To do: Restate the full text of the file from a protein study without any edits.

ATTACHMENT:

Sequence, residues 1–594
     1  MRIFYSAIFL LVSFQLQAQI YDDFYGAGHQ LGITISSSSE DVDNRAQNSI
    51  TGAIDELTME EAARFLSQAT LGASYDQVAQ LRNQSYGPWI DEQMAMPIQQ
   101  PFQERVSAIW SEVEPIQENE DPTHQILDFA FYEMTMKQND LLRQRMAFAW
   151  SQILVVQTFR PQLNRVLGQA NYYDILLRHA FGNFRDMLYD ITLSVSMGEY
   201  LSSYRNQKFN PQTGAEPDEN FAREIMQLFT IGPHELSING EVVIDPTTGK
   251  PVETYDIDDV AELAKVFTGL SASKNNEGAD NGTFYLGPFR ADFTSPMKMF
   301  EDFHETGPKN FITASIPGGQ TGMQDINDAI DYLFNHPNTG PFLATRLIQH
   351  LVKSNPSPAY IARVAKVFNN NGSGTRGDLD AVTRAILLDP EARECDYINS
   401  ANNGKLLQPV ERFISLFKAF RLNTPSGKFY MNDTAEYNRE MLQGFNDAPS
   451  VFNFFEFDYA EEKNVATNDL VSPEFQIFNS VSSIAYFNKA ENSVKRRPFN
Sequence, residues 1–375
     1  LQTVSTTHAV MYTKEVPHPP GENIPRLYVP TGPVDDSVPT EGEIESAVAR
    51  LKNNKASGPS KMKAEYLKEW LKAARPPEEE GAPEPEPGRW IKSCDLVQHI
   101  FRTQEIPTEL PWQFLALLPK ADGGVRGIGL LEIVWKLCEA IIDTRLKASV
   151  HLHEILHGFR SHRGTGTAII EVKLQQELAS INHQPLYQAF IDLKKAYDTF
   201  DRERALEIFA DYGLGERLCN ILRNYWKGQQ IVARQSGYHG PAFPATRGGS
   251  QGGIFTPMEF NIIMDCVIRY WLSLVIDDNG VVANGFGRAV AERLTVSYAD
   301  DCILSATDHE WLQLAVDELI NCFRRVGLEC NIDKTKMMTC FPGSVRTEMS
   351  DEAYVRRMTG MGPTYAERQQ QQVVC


Sequence, residues 1–594
     1  MRIFYSAIFL LVSFQLQAQI YDDFYGAGHQ LGITISSSSE DVDNRAQNSI
    51  TGAIDELTME EAARFLSQAT LGASYDQVAQ LRNQSYGPWI DEQMAMPIQQ
   101  PFQERVSAIW SEVEPIQENE DPTHQILDFA FYEMTMKQND LLRQRMAFAW
   151  SQILVVQTFR PQLNRVLGQA NYYDILLRHA FGNFRDMLYD ITLSVSMGEY
   201  LSSYRNQKFN PQTGAEPDEN FAREIMQLFT IGPHELSING EVVIDPTTGK
   251  PVETYDIDDV AELAKVFTGL SASKNNEGAD NGTFYLGPFR ADFTSPMKMF
   301  EDFHETGPKN FITASIPGGQ TGMQDINDAI DYLFNHPNTG PFLATRLIQH
   351  LVKSNPSPAY IARVAKVFNN NGSGTRGDLD AVTRAILLDP EARECDYINS
   401  ANNGKLLQPV ERFISLFKAF RLNTPSGKFY MNDTAEYNRE MLQGFNDAPS
   451  VFNFFEFDYA EEKNVATNDL VSPEFQIFNS VSSIAYFNKA ENSVKRRPFN
Sequence, residues 1–375
     1  LQTVSTTHAV MYTKEVPHPP GENIPRLYVP TGPVDDSVPT EGEIESAVAR
    51  LKNNKASGPS KMKAEYLKEW LKAARPPEEE GAPEPEPGRW IKSCDLVQHI
   101  FRTQEIPTEL PWQFLALLPK ADGGVRGIGL LEIVWKLCEA IIDTRLKASV
   151  HLHEILHGFR SHRGTGTAII EVKLQQELAS INHQPLYQAF IDLKKAYDTF
   201  DRERALEIFA DYGLGERLCN ILRNYWKGQQ IVARQSGYHG PAFPATRGGS
   251  QGGIFTPMEF NIIMDCVIRY WLSLVIDDNG VVANGFGRAV AERLTVSYAD
   301  DCILSATDHE WLQLAVDELI NCFRRVGLEC NIDKTKMMTC FPGSVRTEMS
   351  DEAYVRRMTG MGPTYAERQQ QQVVC